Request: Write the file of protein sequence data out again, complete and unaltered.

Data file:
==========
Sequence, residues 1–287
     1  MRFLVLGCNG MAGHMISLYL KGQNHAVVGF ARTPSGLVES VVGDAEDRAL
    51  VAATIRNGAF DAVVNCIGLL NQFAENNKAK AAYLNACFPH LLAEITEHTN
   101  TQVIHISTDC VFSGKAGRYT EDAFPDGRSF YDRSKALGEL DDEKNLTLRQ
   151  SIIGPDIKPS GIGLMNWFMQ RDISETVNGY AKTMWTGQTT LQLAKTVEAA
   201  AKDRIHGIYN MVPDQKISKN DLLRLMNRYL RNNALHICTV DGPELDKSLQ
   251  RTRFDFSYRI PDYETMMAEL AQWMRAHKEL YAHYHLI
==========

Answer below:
Sequence, residues 1–287
     1  MRFLVLGCNG MAGHMISLYL KGQNHAVVGF ARTPSGLVES VVGDAEDRAL
    51  VAATIRNGAF DAVVNCIGLL NQFAENNKAK AAYLNACFPH LLAEITEHTN
   101  TQVIHISTDC VFSGKAGRYT EDAFPDGRSF YDRSKALGEL DDEKNLTLRQ
   151  SIIGPDIKPS GIGLMNWFMQ RDISETVNGY AKTMWTGQTT LQLAKTVEAA
   201  AKDRIHGIYN MVPDQKISKN DLLRLMNRYL RNNALHICTV DGPELDKSLQ
   251  RTRFDFSYRI PDYETMMAEL AQWMRAHKEL YAHYHLI